Global factors make the Indian market extraordinarily

Global factors make the Indian market extraordinarily

Global Marketing – Louis Vuitton in India With a GDP growth rate of more than nine percent, India is one of the fastest growing economies in the world.

The population size exceeds one billion, including around 83,000 dollar millionaires (2005), recording the world’s second fastest growth in the number of high-net-worth consumers. Luxury brands like Louis Vuitton can take advantage of a steadily increasing upper class and a more and more affluent middle class. Moreover, 51 percent of the population is under 25, which gives brands the possibility to educate its future customers and shape their fashion tastes.Along with the fact that the luxury products market is growing 20 percent annually, all these factors make the Indian market extraordinarily attractive for Louis Vuitton. In contrast, 87 percent of the population has an income less than $2. 50 a day. The countries per capita income is well below the unit price of the products sold by Louis Vuitton and the enormous diversity of culture, people and languages, combined with high customs duties and high tariffs make it difficult for companies to gain ground in this promising economy.

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Considering both positive and negative aspects, I believe, that the Indian market comprises manifold business opportunities, especially in the rapidly developing segment of luxury products. A similarity all luxury brands share is the ambition to showcase its brand personality through an elite store design and highlight its reputation by the exclusivity of the surrounding areas. When Louis Vuitton entered India by opening its first store in a leading Indian luxury hotel, it found the right ambience for its products, but had to handle the limitation of space and the increasing rental costs.Having a store in a luxury mall would offer the same exclusive environment at a cheaper price and the possibility of image spillovers from other luxury stores around. Moreover, as the luxury mall model is new in India, it would arouse public interest, initiate viral marketing and pique the people’s curiosity. On the other hand, India lacks high streets providing an adequate space for a luxury mall and the missing experience in creating appropriate luxury standards could be a major drawback.Furthermore, even luxury malls limit the opportunities for store design and layout and store owners have little control over the choice of its neighbors.

Nevertheless, luxury shopping malls are a necessity, still requiring a lot of effort. Regarding counterfeiting, I do not consider it a major problem. Usually counterfeits can be clearly distinguished from originals and this is where Vuitton needs to protect itself by including inimitable features.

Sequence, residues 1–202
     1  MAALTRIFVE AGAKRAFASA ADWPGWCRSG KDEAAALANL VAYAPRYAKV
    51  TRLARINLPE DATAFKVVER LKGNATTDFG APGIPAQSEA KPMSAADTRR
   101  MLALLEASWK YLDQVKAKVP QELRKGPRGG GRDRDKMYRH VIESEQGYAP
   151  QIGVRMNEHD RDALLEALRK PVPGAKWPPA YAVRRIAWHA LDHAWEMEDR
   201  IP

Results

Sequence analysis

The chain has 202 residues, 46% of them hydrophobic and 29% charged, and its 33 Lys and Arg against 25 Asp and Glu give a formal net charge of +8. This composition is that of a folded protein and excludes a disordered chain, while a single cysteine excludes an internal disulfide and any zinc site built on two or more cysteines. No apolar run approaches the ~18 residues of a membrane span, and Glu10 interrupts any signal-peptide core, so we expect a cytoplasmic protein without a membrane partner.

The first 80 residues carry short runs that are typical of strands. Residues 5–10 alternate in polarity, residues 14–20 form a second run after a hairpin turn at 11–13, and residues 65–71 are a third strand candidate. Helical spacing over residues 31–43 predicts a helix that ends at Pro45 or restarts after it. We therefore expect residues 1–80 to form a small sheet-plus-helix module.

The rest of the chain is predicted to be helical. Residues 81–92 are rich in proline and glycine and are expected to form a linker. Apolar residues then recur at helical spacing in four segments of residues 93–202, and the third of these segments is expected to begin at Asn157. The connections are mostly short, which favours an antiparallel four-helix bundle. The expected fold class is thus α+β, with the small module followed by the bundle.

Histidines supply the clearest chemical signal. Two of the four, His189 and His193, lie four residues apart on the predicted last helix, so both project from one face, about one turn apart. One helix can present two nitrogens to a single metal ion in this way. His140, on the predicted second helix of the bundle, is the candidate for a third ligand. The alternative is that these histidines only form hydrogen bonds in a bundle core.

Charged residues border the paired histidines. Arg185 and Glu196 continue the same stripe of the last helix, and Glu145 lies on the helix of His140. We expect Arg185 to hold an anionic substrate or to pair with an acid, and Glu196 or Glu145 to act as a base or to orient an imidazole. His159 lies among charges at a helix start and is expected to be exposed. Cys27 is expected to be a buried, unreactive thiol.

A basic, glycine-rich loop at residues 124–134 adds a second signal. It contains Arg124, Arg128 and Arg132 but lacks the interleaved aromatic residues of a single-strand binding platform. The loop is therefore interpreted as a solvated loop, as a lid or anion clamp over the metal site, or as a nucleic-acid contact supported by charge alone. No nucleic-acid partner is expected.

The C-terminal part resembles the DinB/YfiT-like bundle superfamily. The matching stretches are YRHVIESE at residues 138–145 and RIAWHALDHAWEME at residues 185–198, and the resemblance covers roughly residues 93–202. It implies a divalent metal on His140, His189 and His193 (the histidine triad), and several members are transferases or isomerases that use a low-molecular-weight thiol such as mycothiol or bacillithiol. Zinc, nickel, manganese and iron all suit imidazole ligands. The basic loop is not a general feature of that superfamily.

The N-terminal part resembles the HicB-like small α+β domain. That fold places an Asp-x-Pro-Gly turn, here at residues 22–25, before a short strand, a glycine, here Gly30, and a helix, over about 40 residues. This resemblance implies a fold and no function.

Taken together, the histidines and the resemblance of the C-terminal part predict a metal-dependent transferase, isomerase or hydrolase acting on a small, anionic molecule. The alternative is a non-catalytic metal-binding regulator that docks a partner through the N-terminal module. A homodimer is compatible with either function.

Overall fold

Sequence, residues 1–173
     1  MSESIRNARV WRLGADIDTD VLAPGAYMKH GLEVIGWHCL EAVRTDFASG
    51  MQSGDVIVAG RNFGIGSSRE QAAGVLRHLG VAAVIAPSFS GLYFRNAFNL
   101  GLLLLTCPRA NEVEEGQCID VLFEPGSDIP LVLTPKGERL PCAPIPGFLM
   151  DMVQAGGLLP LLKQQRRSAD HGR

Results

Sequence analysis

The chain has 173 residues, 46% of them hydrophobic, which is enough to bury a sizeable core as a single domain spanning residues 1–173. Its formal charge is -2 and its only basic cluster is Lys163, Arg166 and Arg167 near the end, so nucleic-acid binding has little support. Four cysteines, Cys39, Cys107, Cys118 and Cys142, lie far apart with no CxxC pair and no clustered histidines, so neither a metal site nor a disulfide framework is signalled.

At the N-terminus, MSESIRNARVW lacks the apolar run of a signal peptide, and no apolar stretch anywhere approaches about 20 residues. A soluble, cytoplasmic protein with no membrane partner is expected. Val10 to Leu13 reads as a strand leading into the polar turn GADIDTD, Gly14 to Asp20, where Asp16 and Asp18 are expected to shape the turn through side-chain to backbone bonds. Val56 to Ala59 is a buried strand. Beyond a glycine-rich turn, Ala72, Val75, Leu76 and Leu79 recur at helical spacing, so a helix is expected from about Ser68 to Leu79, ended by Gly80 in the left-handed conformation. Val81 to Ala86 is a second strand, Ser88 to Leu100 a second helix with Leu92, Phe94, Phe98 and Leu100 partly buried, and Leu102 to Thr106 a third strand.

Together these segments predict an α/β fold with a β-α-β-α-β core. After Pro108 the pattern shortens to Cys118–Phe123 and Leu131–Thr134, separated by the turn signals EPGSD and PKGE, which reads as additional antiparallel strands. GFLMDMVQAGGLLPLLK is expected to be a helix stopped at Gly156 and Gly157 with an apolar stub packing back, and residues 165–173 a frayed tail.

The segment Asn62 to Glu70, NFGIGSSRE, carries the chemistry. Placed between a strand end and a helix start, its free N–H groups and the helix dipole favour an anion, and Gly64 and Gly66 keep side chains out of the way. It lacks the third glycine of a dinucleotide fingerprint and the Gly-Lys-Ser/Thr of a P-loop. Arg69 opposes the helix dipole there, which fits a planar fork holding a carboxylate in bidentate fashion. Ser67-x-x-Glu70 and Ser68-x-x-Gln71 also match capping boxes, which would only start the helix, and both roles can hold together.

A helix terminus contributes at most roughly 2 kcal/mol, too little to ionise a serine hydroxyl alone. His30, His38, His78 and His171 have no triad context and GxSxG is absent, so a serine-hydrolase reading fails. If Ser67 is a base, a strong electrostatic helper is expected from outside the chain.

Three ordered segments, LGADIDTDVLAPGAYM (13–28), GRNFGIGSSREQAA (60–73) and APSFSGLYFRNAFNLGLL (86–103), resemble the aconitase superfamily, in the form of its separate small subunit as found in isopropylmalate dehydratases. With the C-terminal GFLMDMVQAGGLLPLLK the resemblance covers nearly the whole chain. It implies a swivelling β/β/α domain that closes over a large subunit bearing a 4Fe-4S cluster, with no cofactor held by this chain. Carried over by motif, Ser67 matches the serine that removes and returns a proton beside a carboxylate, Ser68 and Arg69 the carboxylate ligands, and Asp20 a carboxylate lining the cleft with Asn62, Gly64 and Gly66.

To increase their success while making sure that the products are difficult to imitate, I suggest to adapt an aspect to the local culture.In addition, the actual buyers of counterfeits are outside of LV target customer segment, as they generally would not be able to afford originals. Therefore, the goal has to be to prevent dilution of the brand value For all luxury products the brand itself plays an integral role, especially in comparison to regular products. For consumers who purchase their luxury products due to its superior functionality and quality, the brand itself signalizes a certain, safe value and is therefore very important.

Nevertheless, consumers need to experience the brand and build up their own opinion about the relationship between brand name and perceived quality. In contrast, customers buying luxury goods as status symbols and by reason of their functioning as a reward, appraise the brand itself as the most important characteristic of the product. Going a step further, I would argue that this customer segment just obtains the product because of its brand name. The third market segment has a more intrinsic, emotional motivation.

The main purchase reason is self-indulgence together with the need to feel good about the product. Brand does not play a major role in their decision process, as they first have to build up a relationship with the product itself and test out how well it fits to them. In the case of Louis Vuitton in India, the company should mainly focus on those customers from the second market segment. The population is getting wealthier and there is a strong urge to show one’s own success. Exclusivity and uniqueness are important goals.

This is where the brand has to position itself and support its customers in their believe that owning a Louis Vuitton product is the reward for their hard work. Concluding, I would recommend Vuitton to enter India as fast as possible. The upper class is rapidly growing, there is a strong need of proving that someone has made it in life and luxury items gain more and more importance as status symbols. LV needs to use its first mover advantage trying to get as much market share as quickly as possible.The company would have the unique advantage of influencing the taste, buyer behavior and brand recognition of millions of promising customers, building up entry barriers for followers.

With the outlook of Indian demographics, combined with the potential of the middle class and the young aspiring population, it will lead to an explosion of the market. If Louis Vuitton is able to maintain its gained market share in the even larger market in future, it wins.

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